An oil tanker that burst into flames following a suspected drone attack outside the Baniyas refinery off Syria’s coast was doused, Syria’s oil ministry said.
The state news agency SANA quoted oil ministry as saying the fire erupted after “what was believed to be an attack by a drone from the direction of Lebanese waters”.
The identity of the vessel was unclear, with Iran’s al-Alam TV saying it was one of three Iranian oil tankers that had recently arrived at the Syrian oil terminal with supplies, while the semi-official news agency Tasnim denied it was Iranian.
The coastal town of Baniyas houses a refinery, which along with another in Homs, covers a significant part of Syrian demand for diesel, heating fuel, gasoline and other petroleum products, according to industry experts.
The sanctions-hit, war-torn country has over the past year faced gasoline and fuel shortages, rationing supplies in government-held areas and hiking prices.
The Syrian Observatory for Human Rights, a United Kingdom-based war monitor, also reported that the tanker had sailed from Iran.
An explosion hit the ship, triggering a fire and resulting in material damage, and three deaths, the Syrian observatory added.
“It’s the first such attack on an oil tanker, but the Baniyas terminal has been targeted in the past,” observatory head Rami Abdurrahman said.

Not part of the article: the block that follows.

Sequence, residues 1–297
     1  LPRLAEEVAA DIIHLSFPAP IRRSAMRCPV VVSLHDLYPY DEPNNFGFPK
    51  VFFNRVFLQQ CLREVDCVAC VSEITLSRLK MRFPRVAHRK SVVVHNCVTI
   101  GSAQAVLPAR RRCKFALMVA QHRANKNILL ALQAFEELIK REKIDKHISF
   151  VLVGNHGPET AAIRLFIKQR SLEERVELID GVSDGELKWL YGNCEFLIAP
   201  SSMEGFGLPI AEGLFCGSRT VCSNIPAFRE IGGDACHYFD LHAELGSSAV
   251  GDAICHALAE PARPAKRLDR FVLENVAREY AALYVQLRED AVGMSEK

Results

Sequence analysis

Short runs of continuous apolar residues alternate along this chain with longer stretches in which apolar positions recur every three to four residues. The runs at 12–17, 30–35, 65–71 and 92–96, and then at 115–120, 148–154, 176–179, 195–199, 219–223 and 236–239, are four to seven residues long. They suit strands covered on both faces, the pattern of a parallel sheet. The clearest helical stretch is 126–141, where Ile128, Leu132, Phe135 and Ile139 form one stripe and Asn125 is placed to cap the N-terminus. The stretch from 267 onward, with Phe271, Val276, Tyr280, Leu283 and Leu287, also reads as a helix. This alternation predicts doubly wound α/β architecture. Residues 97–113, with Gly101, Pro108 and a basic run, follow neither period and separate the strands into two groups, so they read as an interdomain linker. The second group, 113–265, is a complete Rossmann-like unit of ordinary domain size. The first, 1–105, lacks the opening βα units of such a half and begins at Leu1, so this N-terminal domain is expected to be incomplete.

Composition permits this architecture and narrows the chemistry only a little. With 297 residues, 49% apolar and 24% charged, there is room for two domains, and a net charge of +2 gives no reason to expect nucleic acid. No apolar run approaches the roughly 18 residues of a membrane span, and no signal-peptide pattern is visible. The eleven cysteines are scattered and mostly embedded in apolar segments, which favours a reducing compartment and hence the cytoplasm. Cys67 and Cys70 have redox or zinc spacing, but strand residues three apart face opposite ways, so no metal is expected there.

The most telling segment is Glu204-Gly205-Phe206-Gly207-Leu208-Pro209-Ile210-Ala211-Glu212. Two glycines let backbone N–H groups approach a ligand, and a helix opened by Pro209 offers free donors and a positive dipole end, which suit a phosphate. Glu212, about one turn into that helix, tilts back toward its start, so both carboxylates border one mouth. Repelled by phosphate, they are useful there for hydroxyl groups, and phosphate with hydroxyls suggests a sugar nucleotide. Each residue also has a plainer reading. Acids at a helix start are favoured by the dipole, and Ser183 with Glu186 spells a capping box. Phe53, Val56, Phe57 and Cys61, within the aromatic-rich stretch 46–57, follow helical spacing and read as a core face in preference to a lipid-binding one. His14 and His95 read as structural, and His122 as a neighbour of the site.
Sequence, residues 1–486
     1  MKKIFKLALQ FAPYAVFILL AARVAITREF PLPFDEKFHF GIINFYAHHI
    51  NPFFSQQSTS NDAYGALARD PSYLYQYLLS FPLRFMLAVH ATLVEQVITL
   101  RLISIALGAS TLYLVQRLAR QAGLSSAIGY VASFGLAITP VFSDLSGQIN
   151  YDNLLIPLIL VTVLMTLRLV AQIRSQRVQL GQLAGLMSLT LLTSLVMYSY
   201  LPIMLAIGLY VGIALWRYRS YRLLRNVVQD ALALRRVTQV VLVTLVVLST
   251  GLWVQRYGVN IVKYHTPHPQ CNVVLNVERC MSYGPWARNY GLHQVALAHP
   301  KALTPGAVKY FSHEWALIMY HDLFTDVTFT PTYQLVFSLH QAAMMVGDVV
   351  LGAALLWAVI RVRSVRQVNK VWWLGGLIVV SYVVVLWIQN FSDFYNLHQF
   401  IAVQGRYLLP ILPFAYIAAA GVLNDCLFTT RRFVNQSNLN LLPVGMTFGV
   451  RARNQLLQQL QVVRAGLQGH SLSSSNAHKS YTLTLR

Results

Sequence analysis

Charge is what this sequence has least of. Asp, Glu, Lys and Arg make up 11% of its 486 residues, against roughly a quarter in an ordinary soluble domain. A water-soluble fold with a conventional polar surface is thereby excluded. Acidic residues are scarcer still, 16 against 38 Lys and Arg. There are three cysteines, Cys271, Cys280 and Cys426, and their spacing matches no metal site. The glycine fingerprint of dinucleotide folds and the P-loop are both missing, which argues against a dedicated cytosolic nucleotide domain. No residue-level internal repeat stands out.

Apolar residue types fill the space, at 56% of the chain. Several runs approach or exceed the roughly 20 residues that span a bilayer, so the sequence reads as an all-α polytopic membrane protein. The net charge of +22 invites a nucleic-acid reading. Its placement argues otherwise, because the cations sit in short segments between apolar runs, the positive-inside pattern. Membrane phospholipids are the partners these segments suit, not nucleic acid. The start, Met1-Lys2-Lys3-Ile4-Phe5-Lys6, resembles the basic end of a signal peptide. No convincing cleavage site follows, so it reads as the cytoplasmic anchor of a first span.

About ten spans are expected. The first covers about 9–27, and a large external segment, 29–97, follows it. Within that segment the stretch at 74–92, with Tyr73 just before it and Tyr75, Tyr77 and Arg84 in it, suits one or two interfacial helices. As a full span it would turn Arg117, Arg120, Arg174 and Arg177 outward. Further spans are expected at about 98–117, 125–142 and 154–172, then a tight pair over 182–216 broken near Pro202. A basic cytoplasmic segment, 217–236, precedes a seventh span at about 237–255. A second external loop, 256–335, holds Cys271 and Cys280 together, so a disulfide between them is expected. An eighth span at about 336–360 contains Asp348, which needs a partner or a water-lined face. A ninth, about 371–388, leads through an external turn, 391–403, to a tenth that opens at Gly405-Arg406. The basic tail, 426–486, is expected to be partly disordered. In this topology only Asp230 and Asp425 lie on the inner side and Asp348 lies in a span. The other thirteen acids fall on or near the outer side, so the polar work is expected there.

“At least three Syrians were killed, including two members of the crew.”
It was also not clear if a drone or a missile was used in the attack, the Observatory said.
Before Syria’s war, the country enjoyed relative energy autonomy, but production has plummeted during the war, pushing the government to rely on importing hydrocarbons.
Syria has in recent years grown more dependent on Iranian oil shipments but tightening Western sanctions on Iran, Syria and their allies, as well as a foreign currency crunch, have made it more difficult to get enough supplies.
Pre-war production was 400,000 barrels per day in Syria.
But it stood at just 89,000 barrels per day in 2020, Syria’s oil minister said in February, of which up to 80,000 came from Kurdish areas outside government control.